MicroscopesIn the Boerhaave museum in Leiden I saw van Leeuwenhoek's microscopes. They were so small! A thumb's length between oculus and objective, as if to see microscopic things, he thought you need something small itself. Or because to make a perfect lens you must let fall a drop of molten glass into water, compressing one direction and elongating the other, thereby rearranging the rays of light to make the miniscule immense. Although from minute scratches now we know he ground down the almost perfect shape to give a more perfect vision. The past, too, is microscopic -- only two first century, non-Christian accounts of Jesus: one paragraph from Flavius Josephus, perhaps apocryphal, and a second from Tacitus, both noting the obsessive focus of followers of the divine. We only focus, blindly, on what we cannot see. Near the same town of Leiden the apostatized Spinoza ground lenses, patiently telling us the objective truth: that God is the universe, and that we are infinitesimal pieces of God. In the end he succumbed to the dust he created by polishing perfection. Small things. In the present, the sun is setting, and a drop of water on a flower focuses a tiny, entire sun into my eye. From far away a crow calls and a near crow flies urgently in that direction. Seth Lloyd, July 2019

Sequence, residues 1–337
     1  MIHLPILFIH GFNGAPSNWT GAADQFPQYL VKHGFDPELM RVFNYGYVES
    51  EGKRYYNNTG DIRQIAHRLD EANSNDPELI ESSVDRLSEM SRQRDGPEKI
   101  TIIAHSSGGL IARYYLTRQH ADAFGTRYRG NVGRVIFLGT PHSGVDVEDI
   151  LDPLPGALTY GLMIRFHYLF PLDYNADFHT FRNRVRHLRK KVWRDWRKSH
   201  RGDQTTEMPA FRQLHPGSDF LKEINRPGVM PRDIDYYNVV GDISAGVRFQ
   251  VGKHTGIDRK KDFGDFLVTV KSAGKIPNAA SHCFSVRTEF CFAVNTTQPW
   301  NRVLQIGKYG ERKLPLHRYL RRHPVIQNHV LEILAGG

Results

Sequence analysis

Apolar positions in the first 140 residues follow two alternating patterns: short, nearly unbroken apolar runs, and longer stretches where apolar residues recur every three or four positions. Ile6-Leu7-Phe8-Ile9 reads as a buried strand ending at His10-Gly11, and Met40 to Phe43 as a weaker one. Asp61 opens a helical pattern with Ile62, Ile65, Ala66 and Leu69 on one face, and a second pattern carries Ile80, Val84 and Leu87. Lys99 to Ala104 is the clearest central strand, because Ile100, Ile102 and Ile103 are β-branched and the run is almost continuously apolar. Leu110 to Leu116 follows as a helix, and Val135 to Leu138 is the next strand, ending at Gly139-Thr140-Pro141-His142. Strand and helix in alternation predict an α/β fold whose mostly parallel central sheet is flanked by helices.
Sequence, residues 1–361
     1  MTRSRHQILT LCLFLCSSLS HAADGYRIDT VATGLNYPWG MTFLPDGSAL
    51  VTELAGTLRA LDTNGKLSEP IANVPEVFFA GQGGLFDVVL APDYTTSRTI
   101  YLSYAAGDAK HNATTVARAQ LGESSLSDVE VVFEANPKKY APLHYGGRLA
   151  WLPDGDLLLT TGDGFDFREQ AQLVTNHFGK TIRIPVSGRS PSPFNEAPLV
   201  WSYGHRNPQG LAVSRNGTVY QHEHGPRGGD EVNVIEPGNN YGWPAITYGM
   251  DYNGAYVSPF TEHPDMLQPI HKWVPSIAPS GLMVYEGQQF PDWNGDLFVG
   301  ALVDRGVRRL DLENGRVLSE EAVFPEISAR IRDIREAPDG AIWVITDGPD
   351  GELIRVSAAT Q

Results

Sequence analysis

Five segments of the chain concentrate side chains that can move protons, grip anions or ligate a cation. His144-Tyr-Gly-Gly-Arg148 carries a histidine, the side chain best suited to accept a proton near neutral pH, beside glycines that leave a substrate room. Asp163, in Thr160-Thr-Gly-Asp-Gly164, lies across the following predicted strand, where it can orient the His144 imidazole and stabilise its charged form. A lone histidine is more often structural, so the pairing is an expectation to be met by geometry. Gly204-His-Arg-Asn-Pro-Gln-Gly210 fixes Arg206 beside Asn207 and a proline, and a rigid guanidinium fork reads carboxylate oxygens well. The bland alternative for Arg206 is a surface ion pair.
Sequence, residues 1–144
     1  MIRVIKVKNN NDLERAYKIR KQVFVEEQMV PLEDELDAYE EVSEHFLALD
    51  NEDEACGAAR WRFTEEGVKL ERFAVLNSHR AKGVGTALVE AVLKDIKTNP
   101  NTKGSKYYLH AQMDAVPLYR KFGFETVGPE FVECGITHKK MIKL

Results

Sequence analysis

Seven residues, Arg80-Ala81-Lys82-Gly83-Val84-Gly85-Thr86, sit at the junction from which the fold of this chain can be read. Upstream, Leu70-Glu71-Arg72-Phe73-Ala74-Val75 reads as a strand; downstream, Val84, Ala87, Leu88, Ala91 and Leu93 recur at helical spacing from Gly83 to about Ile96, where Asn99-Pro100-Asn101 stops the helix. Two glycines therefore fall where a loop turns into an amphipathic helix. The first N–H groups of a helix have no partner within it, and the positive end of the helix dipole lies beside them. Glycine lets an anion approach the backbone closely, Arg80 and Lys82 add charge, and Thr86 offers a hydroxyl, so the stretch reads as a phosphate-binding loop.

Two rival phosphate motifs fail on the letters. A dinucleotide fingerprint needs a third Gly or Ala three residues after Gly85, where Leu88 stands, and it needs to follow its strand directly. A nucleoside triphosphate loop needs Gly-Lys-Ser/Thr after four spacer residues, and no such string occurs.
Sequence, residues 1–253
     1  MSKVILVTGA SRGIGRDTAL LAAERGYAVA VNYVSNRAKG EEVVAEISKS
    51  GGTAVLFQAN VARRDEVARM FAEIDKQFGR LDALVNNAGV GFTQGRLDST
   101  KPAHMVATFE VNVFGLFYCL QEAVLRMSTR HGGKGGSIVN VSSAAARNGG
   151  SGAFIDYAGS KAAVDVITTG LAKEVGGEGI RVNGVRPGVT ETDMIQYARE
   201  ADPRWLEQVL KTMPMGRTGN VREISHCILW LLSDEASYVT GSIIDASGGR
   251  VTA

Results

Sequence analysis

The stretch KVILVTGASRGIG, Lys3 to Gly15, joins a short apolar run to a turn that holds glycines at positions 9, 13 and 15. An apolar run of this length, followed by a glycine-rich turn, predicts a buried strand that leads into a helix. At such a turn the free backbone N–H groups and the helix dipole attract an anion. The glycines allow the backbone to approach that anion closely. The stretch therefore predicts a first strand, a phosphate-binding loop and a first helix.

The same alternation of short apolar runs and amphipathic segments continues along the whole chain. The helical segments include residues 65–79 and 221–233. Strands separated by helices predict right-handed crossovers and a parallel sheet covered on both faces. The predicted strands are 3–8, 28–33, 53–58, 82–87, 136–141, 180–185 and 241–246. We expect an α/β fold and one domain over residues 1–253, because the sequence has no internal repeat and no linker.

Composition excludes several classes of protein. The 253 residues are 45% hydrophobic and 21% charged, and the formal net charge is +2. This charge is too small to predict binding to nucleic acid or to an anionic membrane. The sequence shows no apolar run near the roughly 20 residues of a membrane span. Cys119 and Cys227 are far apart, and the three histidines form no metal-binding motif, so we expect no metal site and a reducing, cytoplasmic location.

Our 2019 Lorentz Professor was not the first to draw poetic inspiration from a visit to Spinoza's house. Here is an account of someone from almost a century ago.